Knee arthritis bone on bone

Rama Member Posts: 3
edited 28. Nov 2023, 14:11 in Living with arthritis

My knee arthritis has moved to final stage bone on bone. I am 55 so too young for surgery. My question is would it be better to be using a crutch or crutches? I have arthritis in my knees, hips and ankles. I currently use one walking pole.

It is so hard to get a clear answer. Can anyone help?


  • Anna
    Anna Moderator Posts: 873

    Hello @Rama and welcome to the online community,

    I understand that you have bone on bone knee arthritis and are wondering about using a crutch/crutches or a stick. We have quite a few discussions from members about this subject, and although it’s a personal thing that only you ( and your physiotherapist if you have one) can decide, you might be interested to see some of the posts from our members about it. Here’s a recent one:

    You mention that you are 55 and so too young for a knee replacement. Just to add that although 60-80 is the usual age for this type of surgery, it does depend on your pain and mobility, so it’s worth discussing again if you are finding things more difficult.

    Do have a look round the forum and join in wherever you feel comfortable.

    Best wishes,

    Anna ( Moderator)

    Need more help? - call our Helpline on 0800 5200 520 Monday to Friday 9am to 6pm

  • jonr
    jonr Member Posts: 357

    Hello and welcome @Rama,

    Regarding age - I'm 56 and on the waiting list for a double total knee replacement (as I am bone-on-bone too).

    Rather frustratingly, it seems medical science and its interpretation isn't always an exact science and health professionals seem to have a considerable amount of discretion as to what pathways are open to patients.

    For example, after referral to MSK earlier this year, the specialist I spoke to said I was too young for surgery and because I was managing my condition really well that he was recommending I be discharged. I argued that with so many active years ahead of me, now would be the best time for surgery and besides, it shouldn't have to wait until I'm virtually paralysed and unable to copy with everyday life before the NHS would intervene. He wouldn't budge so I called back and asked for a second opinion. I subsequently spoke with someone more senior who agreed with me and I was referred, not only that but I've been fast-tracked to have the operations done on the NHS at a private hospital.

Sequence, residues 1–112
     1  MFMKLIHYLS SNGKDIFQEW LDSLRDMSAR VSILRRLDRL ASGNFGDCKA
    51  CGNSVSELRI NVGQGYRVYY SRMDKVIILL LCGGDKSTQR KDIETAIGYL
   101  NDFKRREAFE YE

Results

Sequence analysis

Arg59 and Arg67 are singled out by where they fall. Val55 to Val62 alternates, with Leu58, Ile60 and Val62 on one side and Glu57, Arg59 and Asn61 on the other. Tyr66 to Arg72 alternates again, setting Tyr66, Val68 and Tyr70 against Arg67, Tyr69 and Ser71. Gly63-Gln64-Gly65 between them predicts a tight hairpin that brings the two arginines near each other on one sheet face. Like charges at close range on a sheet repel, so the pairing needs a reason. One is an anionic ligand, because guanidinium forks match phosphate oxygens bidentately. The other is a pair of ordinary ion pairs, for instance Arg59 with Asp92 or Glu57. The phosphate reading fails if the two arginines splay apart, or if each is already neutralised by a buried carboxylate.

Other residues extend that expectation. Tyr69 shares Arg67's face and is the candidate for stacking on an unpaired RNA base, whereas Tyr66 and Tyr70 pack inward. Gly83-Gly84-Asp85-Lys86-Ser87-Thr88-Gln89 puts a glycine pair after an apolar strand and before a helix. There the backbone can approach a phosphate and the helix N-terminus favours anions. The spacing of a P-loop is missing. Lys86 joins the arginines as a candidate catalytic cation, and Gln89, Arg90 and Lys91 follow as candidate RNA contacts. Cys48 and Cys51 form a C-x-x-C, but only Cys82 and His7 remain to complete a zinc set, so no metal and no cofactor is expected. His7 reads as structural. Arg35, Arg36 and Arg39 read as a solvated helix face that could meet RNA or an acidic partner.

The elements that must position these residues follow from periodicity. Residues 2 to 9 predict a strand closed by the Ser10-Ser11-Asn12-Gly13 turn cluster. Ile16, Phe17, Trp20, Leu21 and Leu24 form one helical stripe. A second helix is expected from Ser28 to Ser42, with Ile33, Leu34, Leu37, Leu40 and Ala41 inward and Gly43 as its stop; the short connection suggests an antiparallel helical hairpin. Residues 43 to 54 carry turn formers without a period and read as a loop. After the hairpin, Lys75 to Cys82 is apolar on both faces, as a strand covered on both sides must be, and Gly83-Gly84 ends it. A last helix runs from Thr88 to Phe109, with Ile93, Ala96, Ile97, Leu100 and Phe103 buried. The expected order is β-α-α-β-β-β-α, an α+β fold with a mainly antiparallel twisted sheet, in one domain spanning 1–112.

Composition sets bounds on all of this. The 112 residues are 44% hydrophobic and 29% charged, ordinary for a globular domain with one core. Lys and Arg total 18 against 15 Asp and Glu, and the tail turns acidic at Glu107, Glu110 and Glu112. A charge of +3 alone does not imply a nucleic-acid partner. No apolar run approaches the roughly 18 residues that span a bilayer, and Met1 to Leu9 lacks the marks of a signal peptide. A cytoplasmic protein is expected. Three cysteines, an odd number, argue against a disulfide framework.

In short, as some other members have also said sometimes you have to complain to be taken seriously.

    You ask about sticks and crutches, the latter obviously the best option if you can't weight-bear. I note you're using walking pole - if I'm planning a long hike or a spot of mountain-climbing then I'll pack 2 of these as having 2 distributes my weight more evenly, they don't sink in grass, are light and adjustable plus I look like a pro-hiker, not a middle-aged bloke with a serious degenerative condition.

    Hope this helps in some way,


  • Nurina
    Nurina Member Posts: 53

    I agree with you. I can't walk because of the pain. Every step is like feeling a sword coming from the knee to the hip. But because I'm an illustrator and my job is seated I don't need my legs so, I'm in a urgent waiting list of two years. I've visited privately the same NHS consultant and he has offered me to have in February the hips done because he thinks my case is very serious and I can't wait two years. Excuse me but if the consultant can't prioritise his patients, Who is in charge of deciding the NHS priorities for the waiting list?

  • I was 48 when i had my right kmee replaced an 53 ony left i would get refered to RNOP in Stanmore...

    Seems like a cop out from your surgeon..

  • Rama
    Rama Member Posts: 3

    Maybe I will go back to GP and see if they will refer me for surgery. I guess with 7.7 million on waiting lists it could be awhile. My left knee is failing and all of my arthritis pain affects my sleep and mental health.

    Anymore advice regarding walking aids would be gratefully received.